(The New York Review of Books publishes books that belong in print, but have fallen out of it. Yes, this is a highbrow small press, but they are doing excellent things. Check them out. Peter Handke’s A Sorrow Beyond Dreams was first published in translation in 1974 by FSG.)
I am deep in the Austrian Alps of Carinthia, near the borders of Italy and Slovenia, in a province largely full of people who never leave it, a six hour train ride from Vienna, staring out my hotel window to enormous mountains and yards and yards of snow, pine trees, and quaint houses that have not changed in structure for hundreds of years. Handke is from Carinthia, from a town not far from here. My parents and I see each other once a year because they live in Vienna and we live in New York. Once, I looked out at all the beauty and thought; “All this beauty. Too bad it is full of Austrians.” Other times I look out and try to be happy and grateful. (There are things I like about Austria. I like the food, the Frittatensuppe, the Topfen, the Semmeln, the delicious Austrian pastries, as good as any Italian pastry. I have a weird fetish for the traditional clothes, the Dirndls, the Lederhosen, the felted wool in general. (I grew up wearing that stuff.))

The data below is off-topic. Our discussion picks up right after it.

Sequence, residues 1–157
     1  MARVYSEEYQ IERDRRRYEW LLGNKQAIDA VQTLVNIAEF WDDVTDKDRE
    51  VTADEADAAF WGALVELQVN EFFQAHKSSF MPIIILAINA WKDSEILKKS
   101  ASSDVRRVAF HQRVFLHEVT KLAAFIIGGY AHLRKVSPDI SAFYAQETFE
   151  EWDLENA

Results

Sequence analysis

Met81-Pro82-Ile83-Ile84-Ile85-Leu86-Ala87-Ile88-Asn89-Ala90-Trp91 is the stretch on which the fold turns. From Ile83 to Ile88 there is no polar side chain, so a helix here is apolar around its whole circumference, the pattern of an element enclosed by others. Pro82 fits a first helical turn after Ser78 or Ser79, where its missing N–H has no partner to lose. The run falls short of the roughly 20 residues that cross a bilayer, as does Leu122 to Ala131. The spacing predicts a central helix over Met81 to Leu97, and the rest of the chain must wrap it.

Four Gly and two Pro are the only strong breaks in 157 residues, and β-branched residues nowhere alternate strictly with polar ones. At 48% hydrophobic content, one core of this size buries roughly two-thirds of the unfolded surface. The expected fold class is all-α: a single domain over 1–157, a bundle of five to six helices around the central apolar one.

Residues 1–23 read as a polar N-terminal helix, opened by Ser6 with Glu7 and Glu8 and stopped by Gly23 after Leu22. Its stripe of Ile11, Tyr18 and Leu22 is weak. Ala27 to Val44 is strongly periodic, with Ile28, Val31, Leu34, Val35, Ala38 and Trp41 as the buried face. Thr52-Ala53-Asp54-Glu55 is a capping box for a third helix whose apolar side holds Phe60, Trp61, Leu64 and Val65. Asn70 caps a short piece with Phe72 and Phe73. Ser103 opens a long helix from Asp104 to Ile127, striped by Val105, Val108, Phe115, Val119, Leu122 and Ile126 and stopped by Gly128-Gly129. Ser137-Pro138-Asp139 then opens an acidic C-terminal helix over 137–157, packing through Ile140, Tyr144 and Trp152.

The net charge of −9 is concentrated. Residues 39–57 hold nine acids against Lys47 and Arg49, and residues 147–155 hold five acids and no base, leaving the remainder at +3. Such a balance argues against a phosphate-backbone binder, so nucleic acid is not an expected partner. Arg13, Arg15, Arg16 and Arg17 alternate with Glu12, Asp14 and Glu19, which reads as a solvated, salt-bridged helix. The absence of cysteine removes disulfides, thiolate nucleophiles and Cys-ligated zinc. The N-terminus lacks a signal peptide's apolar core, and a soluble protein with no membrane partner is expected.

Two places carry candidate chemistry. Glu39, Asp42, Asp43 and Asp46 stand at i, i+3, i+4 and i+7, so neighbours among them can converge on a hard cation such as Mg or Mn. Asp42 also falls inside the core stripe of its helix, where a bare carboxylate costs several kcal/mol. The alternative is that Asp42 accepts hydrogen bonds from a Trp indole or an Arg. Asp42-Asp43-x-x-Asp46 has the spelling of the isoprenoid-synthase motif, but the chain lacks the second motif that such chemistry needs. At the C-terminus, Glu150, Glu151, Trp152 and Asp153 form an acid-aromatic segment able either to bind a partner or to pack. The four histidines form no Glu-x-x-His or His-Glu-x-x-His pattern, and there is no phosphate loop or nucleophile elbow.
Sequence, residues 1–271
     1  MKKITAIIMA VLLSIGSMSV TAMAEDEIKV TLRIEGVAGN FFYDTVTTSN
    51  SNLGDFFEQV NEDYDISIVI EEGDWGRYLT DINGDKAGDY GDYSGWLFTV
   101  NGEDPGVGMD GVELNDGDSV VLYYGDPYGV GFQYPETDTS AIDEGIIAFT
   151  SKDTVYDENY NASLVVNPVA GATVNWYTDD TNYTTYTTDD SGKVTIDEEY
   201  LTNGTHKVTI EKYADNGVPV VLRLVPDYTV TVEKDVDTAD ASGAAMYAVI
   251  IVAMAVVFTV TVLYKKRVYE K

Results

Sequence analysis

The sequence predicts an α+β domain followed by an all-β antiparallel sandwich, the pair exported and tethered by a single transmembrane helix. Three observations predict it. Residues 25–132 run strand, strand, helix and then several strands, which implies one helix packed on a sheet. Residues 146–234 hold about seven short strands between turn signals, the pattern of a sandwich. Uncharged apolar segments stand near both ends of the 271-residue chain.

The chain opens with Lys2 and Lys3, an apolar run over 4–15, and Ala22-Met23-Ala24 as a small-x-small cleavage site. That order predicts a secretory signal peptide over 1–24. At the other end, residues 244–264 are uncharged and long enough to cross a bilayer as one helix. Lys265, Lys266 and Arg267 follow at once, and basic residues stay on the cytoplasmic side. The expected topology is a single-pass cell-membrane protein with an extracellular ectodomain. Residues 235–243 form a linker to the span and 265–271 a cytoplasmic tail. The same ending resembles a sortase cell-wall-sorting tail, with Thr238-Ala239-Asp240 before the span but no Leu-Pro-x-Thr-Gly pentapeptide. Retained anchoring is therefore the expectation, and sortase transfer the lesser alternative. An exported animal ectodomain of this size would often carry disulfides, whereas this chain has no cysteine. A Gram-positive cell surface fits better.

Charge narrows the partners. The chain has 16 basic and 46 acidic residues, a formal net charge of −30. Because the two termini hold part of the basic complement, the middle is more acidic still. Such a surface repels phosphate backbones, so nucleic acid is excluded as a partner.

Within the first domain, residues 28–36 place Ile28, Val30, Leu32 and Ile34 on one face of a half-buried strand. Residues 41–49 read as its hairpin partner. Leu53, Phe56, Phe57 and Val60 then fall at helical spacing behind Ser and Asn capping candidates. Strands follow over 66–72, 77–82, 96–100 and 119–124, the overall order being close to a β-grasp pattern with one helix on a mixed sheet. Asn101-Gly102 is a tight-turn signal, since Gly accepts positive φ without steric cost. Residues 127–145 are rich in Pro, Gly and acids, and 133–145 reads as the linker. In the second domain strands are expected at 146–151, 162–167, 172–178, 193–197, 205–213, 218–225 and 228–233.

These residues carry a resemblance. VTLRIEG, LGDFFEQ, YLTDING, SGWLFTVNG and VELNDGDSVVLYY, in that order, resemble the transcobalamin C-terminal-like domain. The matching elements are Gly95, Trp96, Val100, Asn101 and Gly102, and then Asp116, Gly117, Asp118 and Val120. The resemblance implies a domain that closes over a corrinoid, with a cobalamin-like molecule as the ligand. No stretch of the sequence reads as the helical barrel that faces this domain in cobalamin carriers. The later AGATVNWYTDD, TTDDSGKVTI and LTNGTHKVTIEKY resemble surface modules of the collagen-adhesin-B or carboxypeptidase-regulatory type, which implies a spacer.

Peter Handke’s mother killed herself by taking an overdose of sleeping pills at the age of fifty-one. He writes:
My mother has been dead for almost seven weeks; I had better get to work before the need to write about her, which I felt so strongly at her funeral, dies away and I fall back into the dull speechlessness with which I reacted to the news of her suicide.